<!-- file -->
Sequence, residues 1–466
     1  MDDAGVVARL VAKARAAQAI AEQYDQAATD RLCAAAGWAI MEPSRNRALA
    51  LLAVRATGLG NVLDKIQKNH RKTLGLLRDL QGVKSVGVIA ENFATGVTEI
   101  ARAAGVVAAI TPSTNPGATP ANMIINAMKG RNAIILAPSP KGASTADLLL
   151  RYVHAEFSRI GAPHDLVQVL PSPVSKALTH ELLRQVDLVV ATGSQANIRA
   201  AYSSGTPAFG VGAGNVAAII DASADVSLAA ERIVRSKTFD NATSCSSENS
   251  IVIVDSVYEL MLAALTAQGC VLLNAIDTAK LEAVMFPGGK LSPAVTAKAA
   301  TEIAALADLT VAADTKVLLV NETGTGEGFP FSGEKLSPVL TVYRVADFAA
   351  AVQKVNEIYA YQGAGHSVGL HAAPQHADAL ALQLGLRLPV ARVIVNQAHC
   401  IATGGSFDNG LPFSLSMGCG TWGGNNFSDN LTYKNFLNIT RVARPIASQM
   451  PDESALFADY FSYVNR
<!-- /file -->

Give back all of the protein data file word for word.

Sequence, residues 1–466
     1  MDDAGVVARL VAKARAAQAI AEQYDQAATD RLCAAAGWAI MEPSRNRALA
    51  LLAVRATGLG NVLDKIQKNH RKTLGLLRDL QGVKSVGVIA ENFATGVTEI
   101  ARAAGVVAAI TPSTNPGATP ANMIINAMKG RNAIILAPSP KGASTADLLL
   151  RYVHAEFSRI GAPHDLVQVL PSPVSKALTH ELLRQVDLVV ATGSQANIRA
   201  AYSSGTPAFG VGAGNVAAII DASADVSLAA ERIVRSKTFD NATSCSSENS
   251  IVIVDSVYEL MLAALTAQGC VLLNAIDTAK LEAVMFPGGK LSPAVTAKAA
   301  TEIAALADLT VAADTKVLLV NETGTGEGFP FSGEKLSPVL TVYRVADFAA
   351  AVQKVNEIYA YQGAGHSVGL HAAPQHADAL ALQLGLRLPV ARVIVNQAHC
   401  IATGGSFDNG LPFSLSMGCG TWGGNNFSDN LTYKNFLNIT RVARPIASQM
   451  PDESALFADY FSYVNR